How to Negotiate Effective Meeting Budgets

by Marilyn Lindblad

Budgeting for meetings helps ensure that adequate resources are available for gatherings throughout the fiscal year. Negotiating with the powers that hold the purse strings to get funding for your meetings is part of the budgeting process. You can prepare for those negotiations by identifying the essential and nonessential elements of each meeting and developing a fallback position you can retreat to in case you don't end up with the funding you requested.

1. List the meetings that you need to budget for in the coming fiscal year. Include everything from weekly staff meetings on company premises to overnight offsite meetings held out of town.

2. List the essential items that you must have for each meeting, such as a conference room, seating and meeting materials. Include any equipment that you need, such as a flip chart or a digital projector, and any fees and expenses for guest speakers.

3. List the nonessential items that would be nice to have for each meeting. Examples of these items include meals, beverages and inspirational toys and gadgets for brainstorming sessions. Use existing records to help estimate these costs.

4. Create a detailed budget for one year's worth of offsite meetings. Include travel, lodging, meals, conference rooms, entertainment, meeting materials, guest speakers and local events. Use records from past offsite meetings to help prepare accurate estimates.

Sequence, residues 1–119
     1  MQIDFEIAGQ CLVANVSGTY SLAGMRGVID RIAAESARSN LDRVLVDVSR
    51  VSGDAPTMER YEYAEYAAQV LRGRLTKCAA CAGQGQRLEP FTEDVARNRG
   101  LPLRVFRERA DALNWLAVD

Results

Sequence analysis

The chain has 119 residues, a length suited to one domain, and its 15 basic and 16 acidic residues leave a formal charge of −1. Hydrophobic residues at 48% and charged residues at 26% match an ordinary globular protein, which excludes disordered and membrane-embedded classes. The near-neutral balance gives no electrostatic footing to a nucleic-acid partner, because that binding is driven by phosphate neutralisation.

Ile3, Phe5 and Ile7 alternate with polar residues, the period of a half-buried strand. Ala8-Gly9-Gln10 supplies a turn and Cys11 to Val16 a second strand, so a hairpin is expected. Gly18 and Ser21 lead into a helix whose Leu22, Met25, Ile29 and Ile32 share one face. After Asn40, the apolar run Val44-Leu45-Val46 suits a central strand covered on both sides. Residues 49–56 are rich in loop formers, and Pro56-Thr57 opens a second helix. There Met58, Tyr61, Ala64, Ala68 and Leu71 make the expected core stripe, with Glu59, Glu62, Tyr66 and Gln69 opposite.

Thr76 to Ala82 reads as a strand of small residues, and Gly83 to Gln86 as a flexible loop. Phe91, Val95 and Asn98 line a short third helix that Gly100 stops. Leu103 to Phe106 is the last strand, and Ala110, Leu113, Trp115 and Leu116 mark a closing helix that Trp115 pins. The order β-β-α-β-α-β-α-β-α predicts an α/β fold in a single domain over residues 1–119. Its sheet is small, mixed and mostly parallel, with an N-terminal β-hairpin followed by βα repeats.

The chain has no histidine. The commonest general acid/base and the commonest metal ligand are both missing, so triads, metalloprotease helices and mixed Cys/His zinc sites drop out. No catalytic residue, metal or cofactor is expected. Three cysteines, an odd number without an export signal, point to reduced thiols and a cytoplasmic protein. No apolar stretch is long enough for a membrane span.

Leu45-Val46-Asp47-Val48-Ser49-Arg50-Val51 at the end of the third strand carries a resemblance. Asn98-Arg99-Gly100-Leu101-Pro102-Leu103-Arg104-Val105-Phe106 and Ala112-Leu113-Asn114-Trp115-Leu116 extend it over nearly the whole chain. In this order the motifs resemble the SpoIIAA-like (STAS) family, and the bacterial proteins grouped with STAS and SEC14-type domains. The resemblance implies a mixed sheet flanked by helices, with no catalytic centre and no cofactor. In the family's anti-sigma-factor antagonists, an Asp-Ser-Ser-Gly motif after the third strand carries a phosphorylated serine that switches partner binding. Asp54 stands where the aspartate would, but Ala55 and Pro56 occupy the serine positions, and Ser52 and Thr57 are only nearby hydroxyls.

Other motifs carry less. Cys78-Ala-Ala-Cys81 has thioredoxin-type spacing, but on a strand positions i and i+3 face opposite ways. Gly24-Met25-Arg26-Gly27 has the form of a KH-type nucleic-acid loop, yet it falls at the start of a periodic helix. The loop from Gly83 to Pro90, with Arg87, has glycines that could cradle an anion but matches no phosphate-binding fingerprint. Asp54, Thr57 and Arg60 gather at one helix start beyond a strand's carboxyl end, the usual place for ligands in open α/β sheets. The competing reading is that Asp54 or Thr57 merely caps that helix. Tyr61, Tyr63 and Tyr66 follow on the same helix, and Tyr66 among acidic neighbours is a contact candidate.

5. Propose a budget that includes all of the items on your list. Add 5 to 10 percent to last year's expenses as a cushion for inflation and other cost variances. If the finance division makes a counter-proposal for a reduced budget, cut some of the non-essential items that you included and recalculate the budget.

6. Continue to refine the list of items you need for each meeting until you reach agreement on the budget. If you must cut costs, remove some meetings from the schedule or remove some nonessential expense items from each meeting.


  • An easy way to get started is to get out last year's budget or expenses and copy elements from last year that will be repeated next year.
  • If you hold a weekly meeting, consider serving birthday cake monthly or quarterly to celebrate recent birthdays.

About the Author

Marilyn Lindblad practices law on the west coast of the United States. She has been a freelance writer since 2007. Her work has appeared on various websites. Lindblad received her Juris Doctor from Lewis and Clark Law School.

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